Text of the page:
You rarely find a former centennial A&P like this with its pole sign largely intact. This store is in the 1200 block of Pittsburgh Street in Cheswick PA. The whole surrounding shopping center is a little odd, as it contains a two-story building that looks like it may have housed a skating rink or a bowling alley upstairs. Underneath is a block of stores, one of which is currently a Goodwill, but feels very Kroger-like inside.
More photos after the jump.
Another of the several very old Kroger locations still operating in West Virginia. This one is in a town along the Kanawha River. It’s had some (rather unfortunate) remodeling, but is still obviously a 1950s vintage store.
This one’s an interesting specimen. It obviously dates from the late 1950s or early 1960s, and was given some sort of “superstore” retrofit in the 1970s. But the original sign stayed, and then the whole building was eventually painted a nice, bland beige. The interior is the slightly cheesy teal “millenium” package that every Kroger in West Virginia seems to have. I think the layout has been altered from the original as well.
It amazes me how many of these smaller and older stores are still operating in parts of West Virginia and Ohio. I’m travelling I-77, I-79, and US 19 a lot these days, since I’m sort of living in Pittsburgh part time now, and I’m seeing a lot of these as I try to vary my commutes between Winston-Salem and da ‘Burgh. I may be posting a few more examples this week.
So is this cool or what? It’s an obvious Kroger — of this prototype, which is fast becoming one of my favorites — and it was shot in Wichita in 2005 by Terry, a Groceteria reader from Oklahoma City who’s provided me with tons of cool stuff lately.
The store obviously became a Dillon’s at some point, although I don’t know whether it was before or during the 1983 merger of the two chains. It’s really cool, though, to see that it survived for so long. As far as I can tell, it’s the location at 1640 South Broadway Street, and it’s apparently still open.
This beauty from the 200 block of East Front Street in Burlington NC, just a few blocks from Blanche Taylor Moore’s Kroger, undoubtedly started life as a Big Star about 1938 or so. A lot of variations on this prototype were built in the southeast in the late 1930s, and a good proportion of them have held up remarkably well. The craftsmanship and materials are a stark contrast to the cheap stucco effects on most new chain stores.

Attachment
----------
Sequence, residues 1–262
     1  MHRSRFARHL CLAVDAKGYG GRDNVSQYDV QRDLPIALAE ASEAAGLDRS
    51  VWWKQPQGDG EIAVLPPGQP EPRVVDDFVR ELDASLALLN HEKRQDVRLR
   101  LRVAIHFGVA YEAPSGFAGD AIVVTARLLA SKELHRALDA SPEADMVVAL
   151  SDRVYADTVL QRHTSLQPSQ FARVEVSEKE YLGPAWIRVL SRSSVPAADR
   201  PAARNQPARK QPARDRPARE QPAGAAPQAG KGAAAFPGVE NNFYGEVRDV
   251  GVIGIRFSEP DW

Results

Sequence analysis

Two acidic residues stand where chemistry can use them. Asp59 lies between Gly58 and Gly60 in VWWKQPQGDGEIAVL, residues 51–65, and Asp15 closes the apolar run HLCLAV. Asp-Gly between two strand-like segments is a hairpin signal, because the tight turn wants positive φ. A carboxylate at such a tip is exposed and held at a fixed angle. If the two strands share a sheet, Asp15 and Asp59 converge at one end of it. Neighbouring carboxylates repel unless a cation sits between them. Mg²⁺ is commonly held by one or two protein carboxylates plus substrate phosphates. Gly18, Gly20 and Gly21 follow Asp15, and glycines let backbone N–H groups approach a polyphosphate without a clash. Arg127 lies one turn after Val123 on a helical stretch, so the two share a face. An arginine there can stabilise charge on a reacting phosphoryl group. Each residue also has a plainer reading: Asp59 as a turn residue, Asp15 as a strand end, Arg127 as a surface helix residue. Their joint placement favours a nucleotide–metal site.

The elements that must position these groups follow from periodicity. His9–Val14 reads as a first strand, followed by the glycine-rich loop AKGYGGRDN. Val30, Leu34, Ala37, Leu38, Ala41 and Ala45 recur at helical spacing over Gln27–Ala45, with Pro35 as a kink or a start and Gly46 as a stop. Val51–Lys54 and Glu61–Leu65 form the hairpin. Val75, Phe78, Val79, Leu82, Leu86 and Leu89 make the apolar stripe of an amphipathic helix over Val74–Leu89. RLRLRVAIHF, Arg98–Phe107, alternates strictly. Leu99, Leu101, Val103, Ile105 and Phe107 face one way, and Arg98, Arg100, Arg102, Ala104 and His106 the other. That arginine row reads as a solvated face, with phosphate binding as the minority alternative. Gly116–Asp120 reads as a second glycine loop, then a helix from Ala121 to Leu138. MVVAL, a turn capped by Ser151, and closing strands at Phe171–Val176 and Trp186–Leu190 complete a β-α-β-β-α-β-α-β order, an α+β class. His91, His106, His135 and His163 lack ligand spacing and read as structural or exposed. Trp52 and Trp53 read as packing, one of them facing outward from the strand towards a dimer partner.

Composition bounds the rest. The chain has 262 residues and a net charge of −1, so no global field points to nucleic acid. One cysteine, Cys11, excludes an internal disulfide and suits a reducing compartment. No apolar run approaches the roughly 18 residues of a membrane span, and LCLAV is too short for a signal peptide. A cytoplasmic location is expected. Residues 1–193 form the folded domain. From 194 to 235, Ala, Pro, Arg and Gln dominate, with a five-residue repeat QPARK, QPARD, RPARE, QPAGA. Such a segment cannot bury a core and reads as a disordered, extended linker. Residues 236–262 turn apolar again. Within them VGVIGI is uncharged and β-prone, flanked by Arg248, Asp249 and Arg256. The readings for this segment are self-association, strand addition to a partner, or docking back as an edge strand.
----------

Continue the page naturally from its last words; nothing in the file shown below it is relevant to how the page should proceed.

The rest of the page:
I’m also guessing the building to the left was a 1940s A&P, but I’ll save that for another post.
Also from this weekend’s long drive:
I’m saying with maybe 60% certainty that this building from downtown Yanceyville NC once housed an A&P.
This Family Dollar on South Scales Street in Reidsville NC was definitely something, probably an A&P as well, but I’m not sure. It also looks like it may have expanded into a neighboring (but built at the same time) adjacent storefront.
I made a road trip up to Wilkesboro and North Wilkesboro on Sunday. These foothill towns have always been a little over-retailed relative to their size, because they serve a rather large, rural hinterland. The Wilkesboro area is also the birthplace both of Lowes Foods, the regional grocery retailer, and of the nationally-known Lowes Home Improvement.
I’m guessing the store in the photo above, just east of downtown North Wilkesboro, is a former A&P, but I could be wrong. The store below, located east of downtown, definitely was, though:
This one may have done some time as an A&P as well, even though it was obviously built as a Kroger. Note the revamped pole sign sporting A&P’s Sav-a-Center logo , probably from the late 1980s:
The Sav-a-Center inset photo is by Groceteria reader Thom Wright, by the way.
The following, from downtown Wilkesboro, strikes me as a likely Piggly Wiggly location, but I have no evidence to back that up:
Last on the tour is a remodeled, but seemingly rather old (and definitely very small) Lowes Foods on old US 421:
Lest anyone worry, my favorite Cala Foods location in San Francisco (previously featured here and here) is apparently still a Cala Foods location, per this recent photo snapped by the photographer I love. This store was one of the only ones not sold by Kroger a few months back. Therefore it has not been converted into a Delano’s IGA. And I’m very glad, although I’m not exactly certain what the future holds for 1095 Hyde Street.